3 years ago
Esteban Bustillos
Managing Editor

Correction: Gene Fitch is the Associate Vice President for Student Affairs. The Mercury regrets this error.

Associate Vice President for Student Affairs and Dean of Students Gene Fitch has been named as the new Vice President for Student Affairs.


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Fitch will be taking the place of Darrelene Rachavong, who will be retiring from the position in June.

“This is something that I’ve been training for for the last 25 years,” Fitch said. “So it’s the next natural step for me. I’m excited that it’s here, that I can continue my career at UTD and don’t have to worry about moving on.”


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Fitch said the new job will come with greater, overarching responsibilities. He said some of these include identifying a vision for student affairs and putting the pieces in place to meet the goals he sets.

One of these goals is growing the number of on-campus residents.

“We’re just under 5, 000 (students) now, which is pretty much doubled in the six years since I’ve been here and that’s all attributed to Dr. Rachavong and the work that she did,” he said. “But we know there’s a demand from our student body that we have more on-campus housing … we can tell from wait lists that there’s a need and desire for more on-campus housing so we’re going to look at that over the next couple of months.”

He said the growth in residential space could be either from more apartments or residence halls, but Student Affairs is currently leaning towards bringing in more apartments. Fitch said that the university doesn’t currently have enough apartments for first-year students to transition to after they move out.

He also said he wants to grow fraternity and sorority life and collaborate more with faculty, including working more with the Living Learning Communities.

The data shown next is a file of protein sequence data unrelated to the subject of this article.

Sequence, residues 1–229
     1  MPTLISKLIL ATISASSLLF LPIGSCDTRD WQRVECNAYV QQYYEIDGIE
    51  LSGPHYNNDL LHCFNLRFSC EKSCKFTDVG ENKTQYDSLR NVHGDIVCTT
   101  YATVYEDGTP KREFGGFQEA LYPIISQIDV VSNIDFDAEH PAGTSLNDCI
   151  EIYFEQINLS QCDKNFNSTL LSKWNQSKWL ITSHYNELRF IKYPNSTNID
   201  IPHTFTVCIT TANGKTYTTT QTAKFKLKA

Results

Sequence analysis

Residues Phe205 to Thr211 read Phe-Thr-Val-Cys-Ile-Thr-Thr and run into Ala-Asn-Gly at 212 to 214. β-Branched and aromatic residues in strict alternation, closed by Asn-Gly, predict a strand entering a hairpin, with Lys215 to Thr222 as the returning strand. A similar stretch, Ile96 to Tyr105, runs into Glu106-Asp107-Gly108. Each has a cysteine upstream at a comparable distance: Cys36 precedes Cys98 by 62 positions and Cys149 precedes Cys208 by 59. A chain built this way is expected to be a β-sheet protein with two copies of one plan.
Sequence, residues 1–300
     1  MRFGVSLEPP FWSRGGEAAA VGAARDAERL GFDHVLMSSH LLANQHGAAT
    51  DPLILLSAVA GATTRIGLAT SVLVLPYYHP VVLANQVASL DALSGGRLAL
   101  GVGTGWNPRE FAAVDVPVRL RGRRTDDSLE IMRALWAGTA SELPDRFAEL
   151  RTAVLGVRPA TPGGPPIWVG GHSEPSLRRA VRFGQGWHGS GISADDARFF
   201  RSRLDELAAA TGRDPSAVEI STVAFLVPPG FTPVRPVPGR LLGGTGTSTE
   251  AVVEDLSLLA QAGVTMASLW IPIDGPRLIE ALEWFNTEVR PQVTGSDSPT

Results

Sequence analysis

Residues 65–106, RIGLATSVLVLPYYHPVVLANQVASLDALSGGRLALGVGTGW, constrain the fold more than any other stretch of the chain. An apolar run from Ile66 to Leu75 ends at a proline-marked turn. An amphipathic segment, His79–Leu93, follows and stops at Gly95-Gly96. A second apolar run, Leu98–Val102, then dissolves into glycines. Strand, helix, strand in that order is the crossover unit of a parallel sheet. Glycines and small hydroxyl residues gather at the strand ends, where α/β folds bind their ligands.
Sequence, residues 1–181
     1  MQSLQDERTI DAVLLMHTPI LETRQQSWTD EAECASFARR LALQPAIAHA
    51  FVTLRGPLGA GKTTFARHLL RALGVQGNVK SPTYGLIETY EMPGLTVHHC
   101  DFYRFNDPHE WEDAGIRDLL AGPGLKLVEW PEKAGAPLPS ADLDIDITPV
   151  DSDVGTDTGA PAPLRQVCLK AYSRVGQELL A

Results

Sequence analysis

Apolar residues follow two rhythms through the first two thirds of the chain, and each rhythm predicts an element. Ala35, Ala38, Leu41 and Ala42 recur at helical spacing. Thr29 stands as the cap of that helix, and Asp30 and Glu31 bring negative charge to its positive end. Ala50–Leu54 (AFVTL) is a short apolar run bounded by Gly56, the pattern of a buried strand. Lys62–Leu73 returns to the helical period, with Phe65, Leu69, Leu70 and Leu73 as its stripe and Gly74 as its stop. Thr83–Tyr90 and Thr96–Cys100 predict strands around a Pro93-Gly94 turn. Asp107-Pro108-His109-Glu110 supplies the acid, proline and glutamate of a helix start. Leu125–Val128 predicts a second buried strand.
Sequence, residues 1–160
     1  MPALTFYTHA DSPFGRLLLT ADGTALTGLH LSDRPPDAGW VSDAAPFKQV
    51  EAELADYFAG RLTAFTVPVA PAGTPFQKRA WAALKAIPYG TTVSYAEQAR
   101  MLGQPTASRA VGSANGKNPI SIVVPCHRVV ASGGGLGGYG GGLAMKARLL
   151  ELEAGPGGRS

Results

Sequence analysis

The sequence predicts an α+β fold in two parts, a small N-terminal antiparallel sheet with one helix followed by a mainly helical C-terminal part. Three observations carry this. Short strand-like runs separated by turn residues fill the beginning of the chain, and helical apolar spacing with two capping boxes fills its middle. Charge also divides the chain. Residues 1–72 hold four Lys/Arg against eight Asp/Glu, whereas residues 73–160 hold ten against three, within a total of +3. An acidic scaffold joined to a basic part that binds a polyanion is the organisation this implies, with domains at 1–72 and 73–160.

“Student Affairs is often looked at as the group that compliments what happens in the classroom,” he said. “I don’t argue that, we do a lot of great things that provide practical experiences for students, but I also want us to be looked at as partners alongside of our faculty partners.”

He said getting to know all of the new staff that he will be working on will be a challenge for him since there will be a larger number of staff he will now work with.

Fitch said it will be hard for him to live up to the legacy that Rachavong has left.

“I talk to students a lot about what they want their legacy to be and in her case, it’s like, ‘Take your pick,’” he said. “There’s so much that’s been attributed to her in terms of the on-campus housing that was non-existent five or six years ago. All of the traditions — the cheerleaders, the dancers, the fight song, mascot — all of that is attributed to her … There will be no filling her shoes, it’s just not going to happen. All I hope to do is be able to carry on what she has started.”

During his time as dean of students, Fitch has taken initiatives to include more student input in decisions Student Affairs has taken, including creating a discipline committee that involved students taking part in the discipline and conduct process.

He said he wants to continue receiving this input and collaborations from students in his new role.

“I think it’s a responsibility that I have,” he said. “It’s hard to say that I know what the students are thinking, what they’re doing if I’m not out there in the middle of it, meeting them, greeting them, finding out what they have to say. So I certainly see that as a piece that will continue.”

In a statement, President David Daniel said he is looking forward to working with Fitch in his new role.

“I have had the opportunity to work closely with Dr. Fitch on numerous occasions,” Daniel said. “He is a highly skilled, student-focused leader. He is well prepared to step into this key leadership position and to ensure that Student Affairs, from the Counseling Center to Student Housing, continues to meet the needs of our rapidly growing student body. In his role as Vice-President, I have asked Dr. Fitch to pay particular attention to the needs of a rapidly expanding university in activities such as on-campus housing, connecting students with our university, and further enhancing student success.”